Non-Muslims allowed to visit four historical mosques in Saudi Arabia

Jeddah: In a bid to promote Islamic culture and architecture, the Saudi Arabia government has opened the doors of four historical mosques in the Kingdom to non-Muslims, reports Saudi Gazette.

Sheikh Saleh Al Mighmasi, Imam of Quba mosque in the holy city of Madinah, was quoted as saying by Saudi Gazette that the entry of non-Muslims to Madinah is not against Islam and does not include any violation of Shariah.

“Anybody can enter a mosque, as Islam does not restricts entry for non-Muslims,” al Maghamsi told Al Arabiya.

These mosques include: Jamia Mosque Rehma (Jeddah), Mosque Al Taqwa, King Fahd Mosque and King Saud Mosque (Jeddah).

Al Rahma Mosque: Al-Rahma Mosque one of the beautiful Masjid in Jeddah situated at Corniche Road, Al-Shate’a District.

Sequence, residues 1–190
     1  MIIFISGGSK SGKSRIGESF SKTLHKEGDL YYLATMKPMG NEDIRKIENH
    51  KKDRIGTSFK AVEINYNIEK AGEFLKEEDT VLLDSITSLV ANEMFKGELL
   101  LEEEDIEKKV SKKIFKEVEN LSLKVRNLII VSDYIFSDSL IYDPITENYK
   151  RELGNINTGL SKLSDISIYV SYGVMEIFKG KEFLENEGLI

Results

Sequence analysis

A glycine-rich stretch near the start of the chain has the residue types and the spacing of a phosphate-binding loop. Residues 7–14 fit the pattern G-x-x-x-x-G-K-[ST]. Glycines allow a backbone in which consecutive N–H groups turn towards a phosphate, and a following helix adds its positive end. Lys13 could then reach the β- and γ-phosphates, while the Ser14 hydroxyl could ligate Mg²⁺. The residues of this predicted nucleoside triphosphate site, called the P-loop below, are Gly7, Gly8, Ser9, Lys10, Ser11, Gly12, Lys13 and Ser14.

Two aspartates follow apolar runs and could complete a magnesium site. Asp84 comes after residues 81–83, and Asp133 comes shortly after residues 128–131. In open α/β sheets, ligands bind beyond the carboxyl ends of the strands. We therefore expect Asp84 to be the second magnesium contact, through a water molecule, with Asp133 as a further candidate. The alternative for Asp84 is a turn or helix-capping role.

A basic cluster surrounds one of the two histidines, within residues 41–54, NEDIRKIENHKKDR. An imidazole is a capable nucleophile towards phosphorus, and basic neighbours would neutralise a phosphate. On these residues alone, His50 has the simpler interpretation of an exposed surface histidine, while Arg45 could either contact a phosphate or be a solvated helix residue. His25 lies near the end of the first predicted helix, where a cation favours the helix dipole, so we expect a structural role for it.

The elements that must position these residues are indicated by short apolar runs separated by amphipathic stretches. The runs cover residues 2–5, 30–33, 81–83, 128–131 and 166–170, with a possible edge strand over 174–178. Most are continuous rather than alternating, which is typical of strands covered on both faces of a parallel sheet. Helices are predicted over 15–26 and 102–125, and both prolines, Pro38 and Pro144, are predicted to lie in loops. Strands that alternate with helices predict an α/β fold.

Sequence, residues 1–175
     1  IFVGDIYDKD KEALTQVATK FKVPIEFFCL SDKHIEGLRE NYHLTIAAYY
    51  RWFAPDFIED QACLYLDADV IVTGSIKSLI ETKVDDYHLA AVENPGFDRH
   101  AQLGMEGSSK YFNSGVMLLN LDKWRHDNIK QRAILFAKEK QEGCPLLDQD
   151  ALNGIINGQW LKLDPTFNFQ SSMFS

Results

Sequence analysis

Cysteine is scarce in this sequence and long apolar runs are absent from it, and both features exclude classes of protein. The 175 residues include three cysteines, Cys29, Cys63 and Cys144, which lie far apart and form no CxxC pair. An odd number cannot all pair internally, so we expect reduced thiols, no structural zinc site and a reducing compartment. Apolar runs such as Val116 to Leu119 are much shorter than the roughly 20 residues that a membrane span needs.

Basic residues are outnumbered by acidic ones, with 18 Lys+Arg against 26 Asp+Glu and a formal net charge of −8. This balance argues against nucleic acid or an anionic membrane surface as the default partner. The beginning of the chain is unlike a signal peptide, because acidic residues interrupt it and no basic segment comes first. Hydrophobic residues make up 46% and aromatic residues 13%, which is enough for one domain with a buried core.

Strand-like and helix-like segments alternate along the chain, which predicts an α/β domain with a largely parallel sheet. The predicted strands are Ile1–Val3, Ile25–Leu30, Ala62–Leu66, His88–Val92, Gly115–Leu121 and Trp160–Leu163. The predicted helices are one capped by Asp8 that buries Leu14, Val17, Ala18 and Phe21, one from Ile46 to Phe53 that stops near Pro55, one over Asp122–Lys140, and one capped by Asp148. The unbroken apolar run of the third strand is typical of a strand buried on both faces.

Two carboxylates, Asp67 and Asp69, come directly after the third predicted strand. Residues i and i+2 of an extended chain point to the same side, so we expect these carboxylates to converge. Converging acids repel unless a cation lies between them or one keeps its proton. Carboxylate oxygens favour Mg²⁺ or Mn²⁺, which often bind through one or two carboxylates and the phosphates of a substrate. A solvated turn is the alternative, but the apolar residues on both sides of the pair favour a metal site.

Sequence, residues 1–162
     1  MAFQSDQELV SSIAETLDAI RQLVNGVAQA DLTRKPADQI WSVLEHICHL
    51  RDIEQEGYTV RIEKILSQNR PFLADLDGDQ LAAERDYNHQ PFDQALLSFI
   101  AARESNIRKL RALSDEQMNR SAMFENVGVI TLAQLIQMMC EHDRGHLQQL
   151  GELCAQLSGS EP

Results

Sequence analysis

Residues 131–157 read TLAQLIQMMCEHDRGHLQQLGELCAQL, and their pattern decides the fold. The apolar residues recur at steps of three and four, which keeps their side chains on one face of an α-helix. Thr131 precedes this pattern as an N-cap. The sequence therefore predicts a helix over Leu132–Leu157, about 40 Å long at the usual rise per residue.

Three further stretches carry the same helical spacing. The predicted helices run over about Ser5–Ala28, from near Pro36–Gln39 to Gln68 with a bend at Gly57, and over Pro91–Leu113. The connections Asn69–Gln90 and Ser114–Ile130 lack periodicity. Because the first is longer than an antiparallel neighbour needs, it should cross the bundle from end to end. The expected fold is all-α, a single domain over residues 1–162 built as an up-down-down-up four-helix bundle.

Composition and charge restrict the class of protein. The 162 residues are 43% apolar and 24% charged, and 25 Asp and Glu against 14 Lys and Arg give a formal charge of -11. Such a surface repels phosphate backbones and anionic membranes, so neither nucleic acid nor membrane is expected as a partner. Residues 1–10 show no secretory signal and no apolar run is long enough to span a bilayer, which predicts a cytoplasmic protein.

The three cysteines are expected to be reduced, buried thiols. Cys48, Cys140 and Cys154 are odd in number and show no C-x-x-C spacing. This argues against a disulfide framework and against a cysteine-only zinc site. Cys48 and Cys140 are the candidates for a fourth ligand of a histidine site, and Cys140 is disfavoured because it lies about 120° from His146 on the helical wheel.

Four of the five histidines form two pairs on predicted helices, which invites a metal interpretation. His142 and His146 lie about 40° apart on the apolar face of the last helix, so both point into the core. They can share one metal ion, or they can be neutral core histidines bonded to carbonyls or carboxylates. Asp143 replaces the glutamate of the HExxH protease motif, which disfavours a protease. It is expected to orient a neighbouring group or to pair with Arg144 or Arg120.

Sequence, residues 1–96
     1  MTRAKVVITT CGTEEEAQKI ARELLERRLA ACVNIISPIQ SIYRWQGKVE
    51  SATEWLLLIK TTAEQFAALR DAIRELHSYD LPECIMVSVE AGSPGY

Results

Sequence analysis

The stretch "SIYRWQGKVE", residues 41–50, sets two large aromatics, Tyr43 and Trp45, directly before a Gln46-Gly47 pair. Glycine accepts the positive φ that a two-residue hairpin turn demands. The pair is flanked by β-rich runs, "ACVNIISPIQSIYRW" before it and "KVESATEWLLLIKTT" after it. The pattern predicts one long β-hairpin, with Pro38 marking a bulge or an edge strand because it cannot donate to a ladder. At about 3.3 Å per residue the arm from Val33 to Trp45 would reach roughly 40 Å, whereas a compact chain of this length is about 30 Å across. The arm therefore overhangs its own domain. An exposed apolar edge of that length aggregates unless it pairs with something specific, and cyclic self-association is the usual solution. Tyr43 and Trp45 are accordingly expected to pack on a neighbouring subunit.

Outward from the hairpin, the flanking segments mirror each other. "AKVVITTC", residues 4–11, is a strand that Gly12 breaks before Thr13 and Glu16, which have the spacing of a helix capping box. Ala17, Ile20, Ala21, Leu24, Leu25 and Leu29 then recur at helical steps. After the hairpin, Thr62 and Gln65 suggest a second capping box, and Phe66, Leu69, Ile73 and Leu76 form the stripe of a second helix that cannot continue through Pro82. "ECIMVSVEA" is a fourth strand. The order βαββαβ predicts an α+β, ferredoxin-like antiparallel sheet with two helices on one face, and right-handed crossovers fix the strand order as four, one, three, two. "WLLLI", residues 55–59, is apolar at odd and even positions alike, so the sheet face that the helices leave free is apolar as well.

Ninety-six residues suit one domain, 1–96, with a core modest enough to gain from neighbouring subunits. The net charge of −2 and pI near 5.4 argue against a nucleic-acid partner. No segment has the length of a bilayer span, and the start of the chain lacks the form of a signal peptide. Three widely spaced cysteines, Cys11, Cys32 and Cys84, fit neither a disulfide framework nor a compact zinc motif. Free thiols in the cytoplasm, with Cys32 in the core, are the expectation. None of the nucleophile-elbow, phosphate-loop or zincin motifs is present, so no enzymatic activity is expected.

Also known as the Floating Mosque because it is built on pillars which are submerged on the shores of the Red Sea.

Al Taqwa Mosque:Built in 2005 on an area of 750 square metres, Al Taqwa Mosque can accommodate over 400 worshippers. It is located in north of Jeddah.

The King Fahd Mosque: Because of its the tile-work, this Mosque resembles a Moroccan architecture. Its Moorish arches triangular domes.

The King Saud Mosque: It is the largest mosque in the city of Jeddah, covering an area of 9700 sq mts. The largest dome has a diameter of 20 metres and reaches a height of 42 metres.

The mosque is said to be designed by celebrated Egyptian architect Abdel Wahed El-Wakil.